Gospel text (Mt 23,1-12): Jesus said to the crowds and to his disciples: “The teachers of the Law and the Pharisees sat on the seat of Moses. So you shall do and observe all they say, but do not do as they do, for they do not do what they say. They tie up heavy burdens and load them on the shoulders of the people, but they do not even raise a finger to move them. They do everything in order to be seen by people; so they wear very wide bands of the Law around their foreheads, and robes with large tassels. They enjoy the first place at feasts and reserved seats in the synagogues, and being greeted in the marketplace and being called “Master” by the people.
"But you, do not let yourselves be called “Master” because you have only one Master, and all of you are brothers and sisters. Neither should you call anyone on earth “Father”, because you have only one Father, he who is in heaven. Nor should you be called “leader”, because Christ is the only leader for you. Let the greatest among you be the servant of all. For whoever makes himself great shall be humbled, and whoever humbles himself shall be made great".
Comment: Fr. Juan Carles Montserrat i Pulido (Sabadell, Barcelona, Spain)
“Whoever makes himself great shall be humbled, and whoever humbles himself shall be made great”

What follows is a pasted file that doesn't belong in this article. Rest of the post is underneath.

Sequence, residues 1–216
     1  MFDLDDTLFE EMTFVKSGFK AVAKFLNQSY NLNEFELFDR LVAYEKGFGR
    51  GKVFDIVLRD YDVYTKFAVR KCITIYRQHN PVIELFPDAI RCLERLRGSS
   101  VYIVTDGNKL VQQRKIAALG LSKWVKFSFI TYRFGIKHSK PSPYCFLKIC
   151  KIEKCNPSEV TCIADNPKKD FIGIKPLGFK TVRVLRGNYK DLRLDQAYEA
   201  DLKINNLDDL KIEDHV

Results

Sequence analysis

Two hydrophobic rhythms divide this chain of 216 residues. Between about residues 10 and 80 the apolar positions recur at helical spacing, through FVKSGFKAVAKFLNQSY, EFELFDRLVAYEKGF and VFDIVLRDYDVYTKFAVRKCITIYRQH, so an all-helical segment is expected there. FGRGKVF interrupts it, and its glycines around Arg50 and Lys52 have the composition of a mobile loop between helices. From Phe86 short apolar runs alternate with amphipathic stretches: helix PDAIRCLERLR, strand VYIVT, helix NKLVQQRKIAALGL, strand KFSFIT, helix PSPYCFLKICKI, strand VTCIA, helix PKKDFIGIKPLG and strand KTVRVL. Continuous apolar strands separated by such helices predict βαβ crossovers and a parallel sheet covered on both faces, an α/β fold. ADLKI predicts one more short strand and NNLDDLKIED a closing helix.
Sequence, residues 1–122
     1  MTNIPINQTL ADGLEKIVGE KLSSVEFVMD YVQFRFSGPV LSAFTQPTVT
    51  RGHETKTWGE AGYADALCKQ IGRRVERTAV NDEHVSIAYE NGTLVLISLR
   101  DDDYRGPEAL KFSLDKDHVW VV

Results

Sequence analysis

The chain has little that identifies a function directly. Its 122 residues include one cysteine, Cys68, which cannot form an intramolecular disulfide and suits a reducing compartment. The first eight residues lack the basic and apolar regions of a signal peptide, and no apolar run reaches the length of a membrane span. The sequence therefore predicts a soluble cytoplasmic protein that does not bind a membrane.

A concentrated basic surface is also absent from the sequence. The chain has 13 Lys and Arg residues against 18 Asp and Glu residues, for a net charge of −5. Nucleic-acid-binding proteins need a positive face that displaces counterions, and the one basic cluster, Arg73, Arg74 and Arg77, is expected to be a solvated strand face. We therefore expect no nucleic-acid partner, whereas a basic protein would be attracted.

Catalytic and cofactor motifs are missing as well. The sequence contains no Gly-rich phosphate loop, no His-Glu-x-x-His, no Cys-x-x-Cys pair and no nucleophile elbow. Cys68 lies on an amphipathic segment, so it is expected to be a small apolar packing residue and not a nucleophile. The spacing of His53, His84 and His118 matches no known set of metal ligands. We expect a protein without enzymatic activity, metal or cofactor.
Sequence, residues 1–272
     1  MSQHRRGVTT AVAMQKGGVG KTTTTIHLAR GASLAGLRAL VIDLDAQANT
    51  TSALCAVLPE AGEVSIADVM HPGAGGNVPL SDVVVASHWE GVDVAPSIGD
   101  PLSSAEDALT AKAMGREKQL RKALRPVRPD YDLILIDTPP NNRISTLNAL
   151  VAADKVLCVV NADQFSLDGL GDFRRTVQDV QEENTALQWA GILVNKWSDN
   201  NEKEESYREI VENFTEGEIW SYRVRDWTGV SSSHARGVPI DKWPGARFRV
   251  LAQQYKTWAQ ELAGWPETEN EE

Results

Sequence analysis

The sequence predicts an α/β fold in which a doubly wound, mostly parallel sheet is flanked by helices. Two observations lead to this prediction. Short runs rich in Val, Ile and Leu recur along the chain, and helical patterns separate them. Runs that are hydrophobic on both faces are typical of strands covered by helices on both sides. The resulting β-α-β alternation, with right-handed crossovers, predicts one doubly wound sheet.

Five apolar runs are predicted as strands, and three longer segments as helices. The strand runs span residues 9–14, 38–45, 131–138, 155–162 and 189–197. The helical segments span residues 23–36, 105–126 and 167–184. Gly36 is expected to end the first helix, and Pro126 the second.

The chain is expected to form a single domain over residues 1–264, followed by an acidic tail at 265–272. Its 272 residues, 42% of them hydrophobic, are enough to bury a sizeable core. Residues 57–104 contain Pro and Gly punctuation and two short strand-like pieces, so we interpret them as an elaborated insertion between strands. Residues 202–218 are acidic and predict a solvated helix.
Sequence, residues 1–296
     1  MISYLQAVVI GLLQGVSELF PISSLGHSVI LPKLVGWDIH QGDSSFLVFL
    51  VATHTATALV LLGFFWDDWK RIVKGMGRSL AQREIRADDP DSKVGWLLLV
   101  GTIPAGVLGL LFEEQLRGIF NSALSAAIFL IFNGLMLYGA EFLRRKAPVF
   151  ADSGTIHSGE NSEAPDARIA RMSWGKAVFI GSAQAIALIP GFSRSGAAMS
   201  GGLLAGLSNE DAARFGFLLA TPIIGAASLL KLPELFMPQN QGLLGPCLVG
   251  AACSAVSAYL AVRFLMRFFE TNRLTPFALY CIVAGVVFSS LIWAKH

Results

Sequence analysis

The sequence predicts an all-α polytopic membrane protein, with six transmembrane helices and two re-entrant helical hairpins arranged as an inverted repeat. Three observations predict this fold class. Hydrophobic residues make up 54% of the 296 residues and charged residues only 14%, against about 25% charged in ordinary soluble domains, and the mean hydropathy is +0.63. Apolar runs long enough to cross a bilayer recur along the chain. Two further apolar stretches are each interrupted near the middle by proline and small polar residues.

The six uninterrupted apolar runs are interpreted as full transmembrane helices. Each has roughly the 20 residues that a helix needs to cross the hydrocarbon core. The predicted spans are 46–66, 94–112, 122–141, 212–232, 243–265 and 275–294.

Today, the Lord depicts for us the Israel notable (Pharisees, teachers of the Law...). They live superficially, they are nothing but appearances: “They do everything in order to be seen by people”(Mt 23:5). And, on top, they fall into full incoherence, “for they do not do what they say”(Mt 23:3); they become slaves of their own self-deception as they are only seeking from men approval and appraisal. Their own consistency depends upon that. By themselves they are nothing but pathetic vanity, absurd pride, emptiness... conceit.
From the beginning of Mankind it keeps on being the most frequent temptation; the same cunning serpent goes on whispering in our ear: “No, God knows well that the moment you eat of it your eyes will be opened and you will be like gods who know what is good and what is bad”(Gn 3:5). And we keep on stumbling through, we let ourselves to be called: “rabbi”, “father” and “leader”... and so many other futile qualifiers. More often than not, we want to fill places we are not fit for. It is the Pharisaic attitude.
Jesus' disciples ought not to be like that, on the contrary: “Let the greatest among you be the servant of all”(Mt 23:11). And, as they all have the same Father, they are all brothers. As usual, the Gospel clearly establishes we cannot separate the vertical dimension (Father) and the horizontal one (ours) or, as specified in last Sunday's Gospel, “You shall love the Lord, your God (…) and you shall love your neighbor as yourself”(Mt 22:37-39).
The entire liturgy of the Word for this Sunday is full of the tenderness and demand of filiation and fraternity. St. John's words reverberate in our heart: “If anyone says, ‘I love God’, but hates his brother, he is a liar”(1Jn 4:20). The new evangelization —more urgent, every day— demands from us more fidelity, confidence and sincerity along with the vocation we have received through the Baptism. If we do it our path of life will be lit up, “You will show me the path of life; In Your presence is fullness of joy; at Your right hand are pleasures forevermore”(Ps 16:11).